Q&A - Neighbor's Fence on My Property

By
Real Estate Agent with Home Grown Real Estate - Buy Sell Remodel Build

Tuesday, August 25, 2009

Q&A - Neighbor's Fence on My Property

 


Debbie from Green Hill asks: "Joshua, that's a great idea - sharing your knowledge with all of us. I do have a question. Twenty years ago we had our land surveyed before we built on it and one corner of our land has an ancient barbed wire fence that belongs to our neighbors. I have heard that an existing fence line can be used to take possession of that land. They are all nice people and have been family friends forever, but eventually it will be their grandkids or great-grandkids dealing with ours.. Is there a polite way to get them to take the fence down. It hasn't been used at all since before we moved here. I don't want to cause any problems with our neighbors. Thanks for any help you can give me."

This is a great question, and one that comes up more often than many people realize. The law that you are referring to is what is known as "adverse possession" and dates back to medieval England. Let me give you a quick definition of what adverse possession is, and then let's talk about how to deal with it.

Wikipedia defines adverse possession as, "the process by which title to another's real property is acquired without compensation, by holding the property in a manner that conflicts with the true owner's rights for a specified period."¹ According to Alabama Common Law, an individual may claim ownership of a property after 20 years of continuous, open, and notorious use of the property. In Alabama Code §6-5-200, you may acquire ownership of property after 10 years of possession if you also have some sort of recorded deed, if you've had the taxes listed in your name for ten years, or if you've inherited property from someone who has done those things for 10 years.

Why is this law in place? Basically, it protects your property rights from being taken away from some "long, lost heir" of someone who owned your property before you. Anyone could come to you and claim that you are living on their great-great grandfather's land from years ago, and they are the true owner of that land.

There are certain requirements to be able to claim adverse possession. You can't be sneaky about your possession. It has to be open and hostile. That means that you have to use it as if its your own, and that its obvious to the public that you are in possession of it. Putting up fences, planting a garden, clearing the land, or building a house are all ways this can be shown. It also has to be continuous. In order for a person to claim adverse possession, it also has to be brought before a judge for them to receive title to that property.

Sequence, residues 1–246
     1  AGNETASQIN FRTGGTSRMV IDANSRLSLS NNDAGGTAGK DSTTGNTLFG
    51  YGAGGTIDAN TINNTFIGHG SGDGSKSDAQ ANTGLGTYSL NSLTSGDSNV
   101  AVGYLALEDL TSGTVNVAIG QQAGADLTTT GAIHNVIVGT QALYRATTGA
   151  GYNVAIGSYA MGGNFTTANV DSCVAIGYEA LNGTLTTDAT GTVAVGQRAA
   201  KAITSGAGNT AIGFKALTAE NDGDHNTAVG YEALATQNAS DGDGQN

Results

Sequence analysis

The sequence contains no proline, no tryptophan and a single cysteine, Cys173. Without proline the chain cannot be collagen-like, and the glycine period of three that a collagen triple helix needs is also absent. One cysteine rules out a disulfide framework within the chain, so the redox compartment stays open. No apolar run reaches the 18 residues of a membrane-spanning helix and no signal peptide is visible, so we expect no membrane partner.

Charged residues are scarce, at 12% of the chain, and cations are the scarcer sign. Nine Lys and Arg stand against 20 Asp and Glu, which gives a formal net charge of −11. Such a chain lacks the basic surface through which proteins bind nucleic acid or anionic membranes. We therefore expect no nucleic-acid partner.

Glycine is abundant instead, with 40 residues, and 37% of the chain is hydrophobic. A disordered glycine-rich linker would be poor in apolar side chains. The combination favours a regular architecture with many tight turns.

Let me tell you a story first, and then I'll talk a little more about your specific situation and how best to resolve it. My great grandparents bought the farm that I grew up on in the early 1900's. That land has literally been in my family for over a hundred years. A few years ago, my dad was looking over the property boundaries of our family farm and realized that there was a little over an acre of land that we have used, cultivated, and farmed for over a hundred years, that in reality is owned by the man who owns the land next to us. No one ever noticed the mistake before, and it had been this way for many, many years. My father could have gone to a judge here in Lauderdale County, claimed adverse possession, and could have rightfully received title to this land. He knew, however, that unless he repaired the mistake, his children would have to deal with the mess of what to do with the land. So, instead of claiming adverse possession, he called up the neighbor, told him about the mistake, and arranged a deal with him to pay for the land and thereby receive a clean and clear title of the parcel in question. A happy neighbor was worth more to him than the price he paid for the land.